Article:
Downtown Detroit has long been one of the nation’s worst housing markets. Home values have plummeted. Vacancies abound. And foreclosure numbers are through the roof. Not that that’s surprising; who’d want to live in a neighborhood with soaring unemployment and the highest rate of violent crime in the US?
That might deter most prospective home buyers. But some look at Detroit’s hard times and see profit.
Specifically, bargain-hunting Chinese investors. Since the bankruptcy was announced on July 18, talk of snapping up Detroit housing for a pittance has picked up on Sina Weibo (link in Chinese), reports Sina Finance. And it appears to be translating into real interest; Caroline Chen, a real estate broker in Troy, Michigan, says she’s received “tons of calls” from people in mainland China.
“I have people calling and saying, ‘I’m serious—I wanna buy 100, 200 properties,’” she tells Quartz, noting that one of her colleagues recently sold 30 properties to a Chinese buyer. “They say ‘We don’t need to see them. Just pick the good ones.’”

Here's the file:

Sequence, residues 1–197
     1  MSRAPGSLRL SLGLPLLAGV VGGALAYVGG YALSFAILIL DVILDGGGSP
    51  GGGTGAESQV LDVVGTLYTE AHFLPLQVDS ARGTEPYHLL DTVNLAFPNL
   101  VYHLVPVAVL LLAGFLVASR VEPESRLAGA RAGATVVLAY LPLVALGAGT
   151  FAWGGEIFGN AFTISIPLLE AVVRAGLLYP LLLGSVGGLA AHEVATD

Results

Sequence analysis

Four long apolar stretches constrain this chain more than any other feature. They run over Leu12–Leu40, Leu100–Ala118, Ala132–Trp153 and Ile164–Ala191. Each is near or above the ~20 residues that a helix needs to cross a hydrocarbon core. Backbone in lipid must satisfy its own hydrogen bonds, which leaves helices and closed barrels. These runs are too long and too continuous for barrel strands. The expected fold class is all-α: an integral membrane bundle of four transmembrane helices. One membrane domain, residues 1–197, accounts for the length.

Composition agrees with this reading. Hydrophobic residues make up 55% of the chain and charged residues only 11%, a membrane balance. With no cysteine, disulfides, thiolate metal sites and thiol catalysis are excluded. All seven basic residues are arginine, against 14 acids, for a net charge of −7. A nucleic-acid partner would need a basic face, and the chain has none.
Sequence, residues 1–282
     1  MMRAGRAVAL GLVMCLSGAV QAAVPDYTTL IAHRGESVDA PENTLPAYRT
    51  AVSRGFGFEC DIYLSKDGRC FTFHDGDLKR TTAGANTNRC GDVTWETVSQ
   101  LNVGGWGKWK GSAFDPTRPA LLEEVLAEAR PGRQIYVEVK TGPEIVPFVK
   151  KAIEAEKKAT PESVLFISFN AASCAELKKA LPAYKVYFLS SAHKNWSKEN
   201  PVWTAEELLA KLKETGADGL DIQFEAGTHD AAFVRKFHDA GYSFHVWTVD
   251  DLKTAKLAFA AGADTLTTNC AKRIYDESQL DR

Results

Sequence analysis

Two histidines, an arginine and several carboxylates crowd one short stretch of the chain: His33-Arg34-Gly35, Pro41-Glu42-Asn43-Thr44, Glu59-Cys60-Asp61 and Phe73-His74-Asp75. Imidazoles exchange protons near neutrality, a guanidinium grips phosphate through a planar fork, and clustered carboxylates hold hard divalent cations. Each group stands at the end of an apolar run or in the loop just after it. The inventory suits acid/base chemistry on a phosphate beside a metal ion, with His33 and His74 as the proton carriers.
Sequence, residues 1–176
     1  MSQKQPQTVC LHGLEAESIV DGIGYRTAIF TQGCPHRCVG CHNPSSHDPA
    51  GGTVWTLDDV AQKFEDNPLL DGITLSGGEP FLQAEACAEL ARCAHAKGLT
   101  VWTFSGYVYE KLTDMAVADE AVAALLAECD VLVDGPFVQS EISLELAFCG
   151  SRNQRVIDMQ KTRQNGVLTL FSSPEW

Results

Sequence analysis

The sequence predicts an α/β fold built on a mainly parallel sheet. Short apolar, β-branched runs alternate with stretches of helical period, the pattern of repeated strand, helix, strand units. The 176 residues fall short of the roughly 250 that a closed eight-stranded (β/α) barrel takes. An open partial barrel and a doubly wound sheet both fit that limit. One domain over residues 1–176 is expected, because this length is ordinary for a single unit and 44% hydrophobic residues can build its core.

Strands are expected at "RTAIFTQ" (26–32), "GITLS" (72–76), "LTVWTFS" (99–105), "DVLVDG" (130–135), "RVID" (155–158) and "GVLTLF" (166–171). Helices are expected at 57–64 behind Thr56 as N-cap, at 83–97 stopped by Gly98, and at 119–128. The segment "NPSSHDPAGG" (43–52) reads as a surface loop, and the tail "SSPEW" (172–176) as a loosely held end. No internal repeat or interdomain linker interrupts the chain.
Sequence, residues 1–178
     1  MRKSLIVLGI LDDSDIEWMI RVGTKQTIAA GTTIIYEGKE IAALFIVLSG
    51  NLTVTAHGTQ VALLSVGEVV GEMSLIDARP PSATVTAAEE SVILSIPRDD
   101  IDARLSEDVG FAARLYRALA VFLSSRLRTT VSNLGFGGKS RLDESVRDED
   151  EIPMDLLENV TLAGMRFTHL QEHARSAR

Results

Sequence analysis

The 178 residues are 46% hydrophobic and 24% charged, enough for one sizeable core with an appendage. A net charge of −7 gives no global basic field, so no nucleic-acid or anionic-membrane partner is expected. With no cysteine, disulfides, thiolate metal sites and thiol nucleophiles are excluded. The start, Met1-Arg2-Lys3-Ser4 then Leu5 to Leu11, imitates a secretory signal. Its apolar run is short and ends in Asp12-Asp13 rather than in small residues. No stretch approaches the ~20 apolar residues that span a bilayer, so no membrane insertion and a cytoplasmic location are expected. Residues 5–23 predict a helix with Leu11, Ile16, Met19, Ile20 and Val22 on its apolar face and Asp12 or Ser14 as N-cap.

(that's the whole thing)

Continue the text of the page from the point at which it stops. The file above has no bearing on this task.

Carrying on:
China has the most expensive housing on the planet. Plus, capital controls make it difficult to invest large sums in overseas stocks or property. That’s why when a CCTV broadcast aired in March—after the emergency takeover was announced—saying that for the price of a pair of leather shoes, you could buy two Detroit houses, Chinese investors got excited.
Though Chinese realtors had planned tours of the area in late spring, those were cancelled when most investors didn’t receive visas, says Chen. Therefore, many Detroit home purchases by Chinese investors are sight unseen. “It’s like buying the lotto,” says Chen, explaining that mainland investors see the chance the property will appreciate as worth the dirt-cheap price. “But I’ve been in the Detroit area for 35 years. 35 years ago downtown Detroit was like this, and it’s not getting better.”
Full article: Chinese Weibo users are salivating over Detroit’s bankruptcy (Quartz)